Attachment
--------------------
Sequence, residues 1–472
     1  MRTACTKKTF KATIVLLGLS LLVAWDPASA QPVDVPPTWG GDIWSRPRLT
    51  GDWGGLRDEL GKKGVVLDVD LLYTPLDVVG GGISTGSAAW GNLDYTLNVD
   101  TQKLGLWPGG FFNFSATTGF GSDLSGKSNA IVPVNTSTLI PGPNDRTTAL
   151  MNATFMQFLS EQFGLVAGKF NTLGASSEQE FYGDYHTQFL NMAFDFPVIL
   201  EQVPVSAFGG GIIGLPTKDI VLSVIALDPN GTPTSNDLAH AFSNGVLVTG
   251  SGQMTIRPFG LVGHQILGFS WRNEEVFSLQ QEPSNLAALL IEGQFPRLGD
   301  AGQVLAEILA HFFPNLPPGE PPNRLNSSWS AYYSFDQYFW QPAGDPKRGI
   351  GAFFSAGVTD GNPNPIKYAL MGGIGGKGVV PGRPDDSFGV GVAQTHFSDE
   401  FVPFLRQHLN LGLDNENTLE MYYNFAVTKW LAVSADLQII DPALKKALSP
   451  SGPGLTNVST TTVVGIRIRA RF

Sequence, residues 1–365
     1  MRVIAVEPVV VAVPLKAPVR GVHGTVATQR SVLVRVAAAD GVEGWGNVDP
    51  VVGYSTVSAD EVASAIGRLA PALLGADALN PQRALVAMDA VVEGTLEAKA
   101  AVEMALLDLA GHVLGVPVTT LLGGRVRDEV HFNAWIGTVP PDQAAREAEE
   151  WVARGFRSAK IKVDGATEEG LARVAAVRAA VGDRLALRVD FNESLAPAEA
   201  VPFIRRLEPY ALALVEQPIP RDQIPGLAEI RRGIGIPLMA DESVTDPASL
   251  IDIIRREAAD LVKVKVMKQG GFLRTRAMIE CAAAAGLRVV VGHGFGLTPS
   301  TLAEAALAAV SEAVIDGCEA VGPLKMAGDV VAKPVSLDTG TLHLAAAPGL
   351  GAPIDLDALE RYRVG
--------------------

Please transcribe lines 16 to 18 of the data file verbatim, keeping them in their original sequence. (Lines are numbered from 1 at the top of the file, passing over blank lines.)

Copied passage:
   151  WVARGFRSAK IKVDGATEEG LARVAAVRAA VGDRLALRVD FNESLAPAEA
   201  VPFIRRLEPY ALALVEQPIP RDQIPGLAEI RRGIGIPLMA DESVTDPASL
   251  IDIIRREAAD LVKVKVMKQG GFLRTRAMIE CAAAAGLRVV VGHGFGLTPS